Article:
Dry Cured Meat

What is Dry Cured Meat? Dry Cured Bacon, Ham, Sausage

Writer / Enthusiast / Meat Curer | About Tom

For decades, immersed in studying, working, learning, and teaching the art and craft of meat curing, now sharing his passion with you through his content.

(Last Updated On: November 6, 2023)

One of my passions is dry curing meat it an old craft that can create amazing results, I get asked a lot about what is dry curing meat, many people think it has something to do with smoked meat. Sometimes it does get smoked, most of the time it doesn’t, depending on the recipe and outcomes one desires.

Traditionally, dry-curing meat was used for preserving long-term. So when you harvested a pig, you would cut it up into major muscle groups and rub salt into it. leaving it for a set amount of days. There wasn’t any refrigeration or freezing back then. The salt removes the moisture, making the environment not so friendly to bacteria that spoil the meat.

The pig was then enjoyed months later.

Dry Cured Meat
Selection of Dry Cured Wild Meats

There have been some modern methods introduced which have now meant if you’re dry curing to make Italian salumi or other types of cured meat, you can make sure it doesn’t get too salty. Salumi is all about dry curing the meat in a traditional Italian way, I wrote a post about the difference between salumi and salami, check it out here.

2 main methods for dry curing – modern method is used when preserving/drying is called equilibrium curing. The other method which is still used extensively the artisan way is saturation or saltbox curing the meat (leaving the meat immersed for several days based on weight).

What is Dry Cured Meat


The meat is cured with a dry salt cure, then it is dried naturally. Using a dry salt cure removes the moisture and intensifies the flavor. It also provides a preserving effect. Preserving occurs due to a drier environment that reduces the growth of bacteria that could spoil the meat.

If you want to know more about salumi vs. salami – I explained it quickly here.

All these dry cured meats are in essence ‘dried’ until they are safe to eat, they are first salted so that moisture is pulled out and the bacteria that normally causes deterioration in meat can’t survive in the saline environment.

Popular Types of Dry-Cured Meat

Dry Cured Prosciutto

Prosciutto is fantastic, it’s a classic dry-cured pork leg ham with origins from Italy. No brining here, just curing the meat with the saltbox method. Once the meat is fully cured, it is dried until at least 35% of weight has been lost.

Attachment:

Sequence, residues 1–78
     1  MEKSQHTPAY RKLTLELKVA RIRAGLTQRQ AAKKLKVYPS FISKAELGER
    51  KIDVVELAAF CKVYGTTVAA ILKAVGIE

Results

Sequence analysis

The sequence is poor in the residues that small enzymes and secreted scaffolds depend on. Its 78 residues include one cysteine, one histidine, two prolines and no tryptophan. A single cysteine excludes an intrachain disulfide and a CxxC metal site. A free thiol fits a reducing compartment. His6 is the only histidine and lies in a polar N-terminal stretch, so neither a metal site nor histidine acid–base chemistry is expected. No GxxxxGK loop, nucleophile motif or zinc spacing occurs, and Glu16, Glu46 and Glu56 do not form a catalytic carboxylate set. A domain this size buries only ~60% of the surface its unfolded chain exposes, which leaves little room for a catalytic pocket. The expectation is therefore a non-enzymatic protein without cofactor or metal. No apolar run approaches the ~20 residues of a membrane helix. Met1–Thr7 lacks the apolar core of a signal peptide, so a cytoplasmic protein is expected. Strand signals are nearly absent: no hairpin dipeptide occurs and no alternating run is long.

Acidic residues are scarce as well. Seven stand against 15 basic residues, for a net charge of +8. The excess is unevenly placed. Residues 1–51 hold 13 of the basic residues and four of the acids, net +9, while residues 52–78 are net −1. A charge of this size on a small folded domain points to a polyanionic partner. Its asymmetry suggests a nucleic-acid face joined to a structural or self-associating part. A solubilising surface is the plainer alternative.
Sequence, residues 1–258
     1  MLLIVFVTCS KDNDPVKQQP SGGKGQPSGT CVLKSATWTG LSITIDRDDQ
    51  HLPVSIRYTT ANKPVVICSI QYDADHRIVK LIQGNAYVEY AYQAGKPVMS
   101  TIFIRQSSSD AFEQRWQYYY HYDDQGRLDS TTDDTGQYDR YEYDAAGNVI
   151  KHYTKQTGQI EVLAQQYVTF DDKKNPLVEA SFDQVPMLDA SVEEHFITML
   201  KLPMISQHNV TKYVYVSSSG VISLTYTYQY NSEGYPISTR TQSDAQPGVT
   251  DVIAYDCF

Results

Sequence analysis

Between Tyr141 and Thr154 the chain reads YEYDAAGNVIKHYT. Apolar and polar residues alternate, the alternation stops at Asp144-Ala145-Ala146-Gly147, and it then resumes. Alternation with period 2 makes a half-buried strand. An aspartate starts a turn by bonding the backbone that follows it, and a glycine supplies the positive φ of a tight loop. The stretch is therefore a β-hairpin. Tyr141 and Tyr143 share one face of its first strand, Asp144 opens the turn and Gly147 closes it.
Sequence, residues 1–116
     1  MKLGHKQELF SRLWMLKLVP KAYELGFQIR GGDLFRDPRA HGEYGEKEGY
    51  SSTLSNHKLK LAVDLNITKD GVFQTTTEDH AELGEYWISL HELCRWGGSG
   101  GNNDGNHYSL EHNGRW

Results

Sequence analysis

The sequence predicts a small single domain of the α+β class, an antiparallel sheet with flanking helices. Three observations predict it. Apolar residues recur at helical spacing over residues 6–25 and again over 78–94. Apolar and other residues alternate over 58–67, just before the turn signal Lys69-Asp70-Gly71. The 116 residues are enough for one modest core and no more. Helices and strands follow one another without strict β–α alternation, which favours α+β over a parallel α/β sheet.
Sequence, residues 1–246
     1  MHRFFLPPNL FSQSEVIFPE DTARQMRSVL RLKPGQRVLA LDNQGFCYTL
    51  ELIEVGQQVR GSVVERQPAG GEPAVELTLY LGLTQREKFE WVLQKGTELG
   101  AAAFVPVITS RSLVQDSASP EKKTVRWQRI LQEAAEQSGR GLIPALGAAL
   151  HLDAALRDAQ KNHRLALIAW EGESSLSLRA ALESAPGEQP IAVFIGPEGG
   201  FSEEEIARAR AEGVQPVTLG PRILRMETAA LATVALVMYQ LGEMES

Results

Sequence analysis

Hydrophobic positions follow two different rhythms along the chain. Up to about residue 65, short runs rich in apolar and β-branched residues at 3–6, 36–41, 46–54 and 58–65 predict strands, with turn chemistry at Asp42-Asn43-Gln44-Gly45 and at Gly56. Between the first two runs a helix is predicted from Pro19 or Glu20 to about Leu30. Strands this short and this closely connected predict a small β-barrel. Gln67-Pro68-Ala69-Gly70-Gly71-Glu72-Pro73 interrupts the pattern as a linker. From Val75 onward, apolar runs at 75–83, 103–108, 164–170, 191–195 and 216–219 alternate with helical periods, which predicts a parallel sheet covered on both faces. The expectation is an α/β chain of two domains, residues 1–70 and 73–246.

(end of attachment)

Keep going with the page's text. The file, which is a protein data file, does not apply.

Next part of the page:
The moisture is removed which means bacteria can’t deteriorate the meat as easily, salt helping the battle. Therefore, in a suitable environment (humidity & temperature controlled ideally) Prosciutto can be aged/dried for up to 4 years! That’s the premium stuff in Italy.

A type of Prosciutto from Parma, Parma Ham which is quality pork & salt. Is aged a minimum of 12 months. The king of prosciutto I think, pigs are fed the leftover whey from the Parma cheese producers.

Dry Cured Bacon

Dry Cured Home made Bacon -4 to 5 days of cold smoking
Dry Cured Homemade Bacon

Some folks like to wet brine (salty water), and some folks like to dry-cured bacon. I prefer dry curing because removing the moisture intensifies the flavor. If adding spices or aromatics to dry-cured bacon, it comes through more when devouring it.

You can also make ‘green’ un-smoked bacon, but generally speaking, smoke gives bacon that bacon flavor we all love!

Making Bacon @ Home – If you want a comprehensive guide on wet brine, dry cure, or ‘green’ bacon, please find a post I wrote here.

Dry Cured Sausage

Dry Cured Salami
Dry Cured Salami

Basically, this is a name for dry-cured salami. I have met many Central or Eastern Europeans that use ‘sausage’ for what other Western world people call ‘salami’.

Dry curing sausage/salami involves fermenting, drying then smoking the goods, generally speaking. There are thousands of variations across Europe, not just in the mighty dry curing capital of the World, Italy.

Methods to Dry Cure Meat

So the two main methods that I have used for dry curing, the first one is a saturation method where you rub in place salt all over the meat. The second method is measuring a percentage of salt in relation to the weight of the meat you are using to cure – equilibrium curing.

Salt Box Method (Classic Dry Curing)

The title of this method gives it away, you put salt in a box and then you put the meat in the box. When using this method, you want to make sure every area of the meat has salt covered so that you get complete penetration into the meat.

Dry Curing for Preserving vs Quick Salt Curing for Moisture Retention

If you were curing add some seasoning to the meat, so you’re not looking to preserve a dry cure. Then just a sprinkling of salt from both sides can enhance flavor the above dry-cured turkey method is the way to go ie. 1/2 teaspoon fine salt to 1/2 kg/ 1 pound of meat.